In 2014, I learned that Jeffrey Robbins began a program called the Eleanor Robbins Program, in memory of his own mother. The goal of the program was to help residents in long-term care build relationships with college students. Its goal was to help the residents in long-term care with social isolation. These residents had Alzheimer’s Disease, and the program was in existence at a local long-term care facility for a few years. When I met with Jeffrey at Brigham and Women’s Hospital to discuss a possible referral. Jeffrey was the Clinical Social Worker at Brigham and Women’s Hospital in the Department of Neurology Division of Cognitive and Behavioral Neurology and a Teaching Associate in Neurology at Harvard Medical School.
The program would recruit Harvard undergraduate students to volunteer. The volunteers would meet weekly with the same resident at the skilled nursing facility for a minimum commitment of one semester. I suggested that we start the program at Springhouse Senior Living in our memory support neighborhood, Allen House. My hope was that by inviting the program to our assisted living, it would give the student volunteer a more engaging experience with the resident, as residents in assisted living were higher functioning than those in long-term care. These students would be able to build meaningful and purposeful relationships with our residents.
Shortly after our initial meeting, the group was renamed, The Harvard College Alzheimer’s Buddies Program (HCAB). Harvard would do the recruitment of students at the beginning of the fall semester and then Springhouse Senior Living would conduct Alzheimer’s Disease training before the students met with the residents. We paired the students and residents together based on common interests.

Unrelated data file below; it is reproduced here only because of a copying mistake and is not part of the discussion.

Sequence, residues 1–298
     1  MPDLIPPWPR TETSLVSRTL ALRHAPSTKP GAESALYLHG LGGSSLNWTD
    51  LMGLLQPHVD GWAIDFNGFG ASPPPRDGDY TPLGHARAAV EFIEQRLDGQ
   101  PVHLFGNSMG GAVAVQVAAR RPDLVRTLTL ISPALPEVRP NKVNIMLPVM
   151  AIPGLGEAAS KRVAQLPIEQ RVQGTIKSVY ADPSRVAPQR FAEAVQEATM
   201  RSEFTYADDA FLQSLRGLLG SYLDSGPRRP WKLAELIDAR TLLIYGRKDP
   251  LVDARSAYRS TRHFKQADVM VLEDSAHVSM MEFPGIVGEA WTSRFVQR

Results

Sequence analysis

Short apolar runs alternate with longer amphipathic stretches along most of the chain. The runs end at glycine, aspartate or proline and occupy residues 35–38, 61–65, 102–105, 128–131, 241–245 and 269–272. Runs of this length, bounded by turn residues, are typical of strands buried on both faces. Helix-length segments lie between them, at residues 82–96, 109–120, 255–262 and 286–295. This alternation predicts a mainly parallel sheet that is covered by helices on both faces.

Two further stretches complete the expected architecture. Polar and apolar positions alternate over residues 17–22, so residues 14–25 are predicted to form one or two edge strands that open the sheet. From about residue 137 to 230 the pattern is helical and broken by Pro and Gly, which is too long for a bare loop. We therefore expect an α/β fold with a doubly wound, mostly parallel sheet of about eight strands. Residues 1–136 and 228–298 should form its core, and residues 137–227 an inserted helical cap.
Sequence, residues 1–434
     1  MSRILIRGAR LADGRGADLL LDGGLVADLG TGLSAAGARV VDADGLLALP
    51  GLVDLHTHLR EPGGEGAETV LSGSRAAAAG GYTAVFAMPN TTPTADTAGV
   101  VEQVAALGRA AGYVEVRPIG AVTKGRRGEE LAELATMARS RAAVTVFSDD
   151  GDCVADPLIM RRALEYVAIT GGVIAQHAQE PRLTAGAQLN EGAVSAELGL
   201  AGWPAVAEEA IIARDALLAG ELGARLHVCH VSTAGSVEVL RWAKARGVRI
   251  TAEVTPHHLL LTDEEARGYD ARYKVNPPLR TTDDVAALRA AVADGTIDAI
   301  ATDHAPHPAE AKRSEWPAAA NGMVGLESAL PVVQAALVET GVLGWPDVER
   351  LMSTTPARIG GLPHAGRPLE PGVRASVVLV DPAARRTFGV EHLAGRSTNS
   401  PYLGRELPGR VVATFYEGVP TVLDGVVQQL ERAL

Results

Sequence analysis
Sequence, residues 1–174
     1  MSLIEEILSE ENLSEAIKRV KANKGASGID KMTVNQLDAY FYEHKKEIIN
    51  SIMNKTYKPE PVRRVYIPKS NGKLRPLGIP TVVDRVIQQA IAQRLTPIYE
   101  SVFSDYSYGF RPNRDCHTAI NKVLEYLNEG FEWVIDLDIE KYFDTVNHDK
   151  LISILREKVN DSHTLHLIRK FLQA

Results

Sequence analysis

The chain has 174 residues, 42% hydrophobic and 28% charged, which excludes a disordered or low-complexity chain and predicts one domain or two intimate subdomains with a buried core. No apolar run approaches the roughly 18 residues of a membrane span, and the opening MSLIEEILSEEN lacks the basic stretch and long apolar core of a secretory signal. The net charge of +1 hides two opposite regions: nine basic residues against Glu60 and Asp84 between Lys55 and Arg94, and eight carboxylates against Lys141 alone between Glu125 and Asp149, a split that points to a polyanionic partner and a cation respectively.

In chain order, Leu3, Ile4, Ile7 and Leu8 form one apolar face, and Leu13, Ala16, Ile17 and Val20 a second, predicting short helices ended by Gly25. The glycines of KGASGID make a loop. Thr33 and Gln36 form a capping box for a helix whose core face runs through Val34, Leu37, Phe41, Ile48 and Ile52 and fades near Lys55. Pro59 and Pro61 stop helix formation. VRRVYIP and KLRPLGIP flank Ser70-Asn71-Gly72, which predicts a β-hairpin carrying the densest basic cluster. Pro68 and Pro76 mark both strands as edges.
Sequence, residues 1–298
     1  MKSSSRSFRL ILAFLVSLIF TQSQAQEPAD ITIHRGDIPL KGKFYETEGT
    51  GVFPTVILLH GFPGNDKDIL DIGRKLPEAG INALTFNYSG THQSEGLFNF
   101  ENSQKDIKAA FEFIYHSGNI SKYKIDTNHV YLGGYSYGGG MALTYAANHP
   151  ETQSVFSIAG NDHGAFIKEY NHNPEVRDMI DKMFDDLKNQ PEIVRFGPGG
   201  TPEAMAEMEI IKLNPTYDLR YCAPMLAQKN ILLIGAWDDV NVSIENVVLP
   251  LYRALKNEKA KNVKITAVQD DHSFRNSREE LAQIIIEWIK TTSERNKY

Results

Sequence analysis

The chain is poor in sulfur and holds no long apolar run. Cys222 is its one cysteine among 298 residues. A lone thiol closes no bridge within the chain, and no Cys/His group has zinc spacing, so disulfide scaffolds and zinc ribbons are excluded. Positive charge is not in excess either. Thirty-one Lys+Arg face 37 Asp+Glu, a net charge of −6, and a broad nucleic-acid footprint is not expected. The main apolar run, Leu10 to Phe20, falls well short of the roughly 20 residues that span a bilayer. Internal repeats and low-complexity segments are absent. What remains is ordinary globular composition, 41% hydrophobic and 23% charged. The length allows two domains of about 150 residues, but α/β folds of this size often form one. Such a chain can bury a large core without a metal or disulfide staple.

The HCAB initiative encourages students to take the mindset of a friend rather than of a care provider, to learn about the resident’s past and passions, and to establish real friendships. This interaction not only provides residents with a unique outlet but also provides students with a formative experience and formal training on this devastating disease. These students bring their experiences and life stories of being young in a fast-moving lifestyle. The residents bring experiences and some memories they can share with the students. We have had residents give advice on job interviews, medical school choices, and even dating! One major benefit is that because families often view their loved ones by all the skills and memories they have lost, a student comes in and sees the resident that is there and is able to view all the skills and memories that are left. The experience often brings new insight into the resident with dementia from families.